Bjorn Carey at the Stanford Website:
Even the best poker players have “tells” that give away when they're bluffing with a weak hand. Scientists who commit fraud have similar, but even more subtle, tells, and a pair of Stanford researchers have cracked the writing patterns of scientists who attempt to pass along falsified data.
The work, published in the Journal of Language and Social Psychology, could eventually help scientists identify falsified research before it is published.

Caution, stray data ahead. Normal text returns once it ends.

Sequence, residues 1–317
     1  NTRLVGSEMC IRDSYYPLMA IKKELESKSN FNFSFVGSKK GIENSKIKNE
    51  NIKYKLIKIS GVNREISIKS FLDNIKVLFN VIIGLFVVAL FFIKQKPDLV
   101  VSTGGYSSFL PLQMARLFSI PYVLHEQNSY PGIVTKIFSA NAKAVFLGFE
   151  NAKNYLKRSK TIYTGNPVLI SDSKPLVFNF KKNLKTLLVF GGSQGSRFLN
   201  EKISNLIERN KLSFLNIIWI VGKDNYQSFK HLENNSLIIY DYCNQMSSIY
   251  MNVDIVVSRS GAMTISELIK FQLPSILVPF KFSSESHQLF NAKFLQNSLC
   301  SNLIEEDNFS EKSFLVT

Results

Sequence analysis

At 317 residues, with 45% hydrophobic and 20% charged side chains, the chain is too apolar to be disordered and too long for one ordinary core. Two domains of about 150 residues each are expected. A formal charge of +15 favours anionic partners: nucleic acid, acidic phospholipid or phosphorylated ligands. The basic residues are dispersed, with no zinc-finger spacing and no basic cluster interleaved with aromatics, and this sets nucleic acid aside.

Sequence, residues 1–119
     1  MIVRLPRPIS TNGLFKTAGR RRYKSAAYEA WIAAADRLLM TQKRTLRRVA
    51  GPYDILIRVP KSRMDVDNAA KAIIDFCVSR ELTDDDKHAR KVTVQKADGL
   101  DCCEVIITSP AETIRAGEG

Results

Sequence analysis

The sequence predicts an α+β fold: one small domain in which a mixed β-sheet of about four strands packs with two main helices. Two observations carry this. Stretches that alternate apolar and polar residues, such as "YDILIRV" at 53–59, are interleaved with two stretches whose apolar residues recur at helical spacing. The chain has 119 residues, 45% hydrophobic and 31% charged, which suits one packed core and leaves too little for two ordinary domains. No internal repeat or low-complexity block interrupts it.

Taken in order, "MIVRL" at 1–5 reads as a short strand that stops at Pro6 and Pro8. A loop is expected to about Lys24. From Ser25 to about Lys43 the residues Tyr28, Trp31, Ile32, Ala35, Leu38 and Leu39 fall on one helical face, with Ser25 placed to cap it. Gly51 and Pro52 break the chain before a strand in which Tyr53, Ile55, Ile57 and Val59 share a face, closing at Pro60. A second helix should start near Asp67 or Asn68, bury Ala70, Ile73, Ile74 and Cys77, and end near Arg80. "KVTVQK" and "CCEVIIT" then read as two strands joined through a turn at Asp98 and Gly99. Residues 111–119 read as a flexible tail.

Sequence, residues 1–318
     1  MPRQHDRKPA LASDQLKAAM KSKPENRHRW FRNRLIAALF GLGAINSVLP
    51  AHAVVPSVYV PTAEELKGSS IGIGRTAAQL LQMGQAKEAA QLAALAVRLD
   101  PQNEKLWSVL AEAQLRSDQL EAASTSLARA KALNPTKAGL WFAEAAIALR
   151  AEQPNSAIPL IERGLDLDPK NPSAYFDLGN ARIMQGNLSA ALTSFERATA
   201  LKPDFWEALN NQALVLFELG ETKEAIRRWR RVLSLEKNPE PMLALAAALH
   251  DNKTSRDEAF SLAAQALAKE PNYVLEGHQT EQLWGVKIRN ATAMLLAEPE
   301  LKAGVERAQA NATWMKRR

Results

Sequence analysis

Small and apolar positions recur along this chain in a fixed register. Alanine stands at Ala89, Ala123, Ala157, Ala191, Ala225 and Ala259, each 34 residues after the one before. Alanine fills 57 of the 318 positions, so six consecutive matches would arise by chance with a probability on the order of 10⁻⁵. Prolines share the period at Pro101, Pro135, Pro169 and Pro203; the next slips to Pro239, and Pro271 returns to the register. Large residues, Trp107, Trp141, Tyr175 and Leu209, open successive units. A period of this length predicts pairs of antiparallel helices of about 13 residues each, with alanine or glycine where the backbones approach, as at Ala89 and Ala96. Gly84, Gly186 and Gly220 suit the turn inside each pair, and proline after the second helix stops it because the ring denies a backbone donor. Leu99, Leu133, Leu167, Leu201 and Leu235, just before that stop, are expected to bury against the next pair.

There is a fair amount of research dedicated to understanding the ways liars lie. Studies have shown that liars generally tend to express more negative emotion terms and use fewer first-person pronouns. Fraudulent financial reports typically display higher levels of linguistic obfuscation – phrasing that is meant to distract from or conceal the fake data – than accurate reports.
To see if similar patterns exist in scientific academia, Jeff Hancock, a professor of communication at Stanford, and graduate student David Markowitz searched the archives of PubMed, a database of life sciences journals, from 1973 to 2013 for retracted papers. They identified 253, primarily from biomedical journals, that were retracted for documented fraud and compared the writing in these to unretracted papers from the same journals and publication years, and covering the same topics.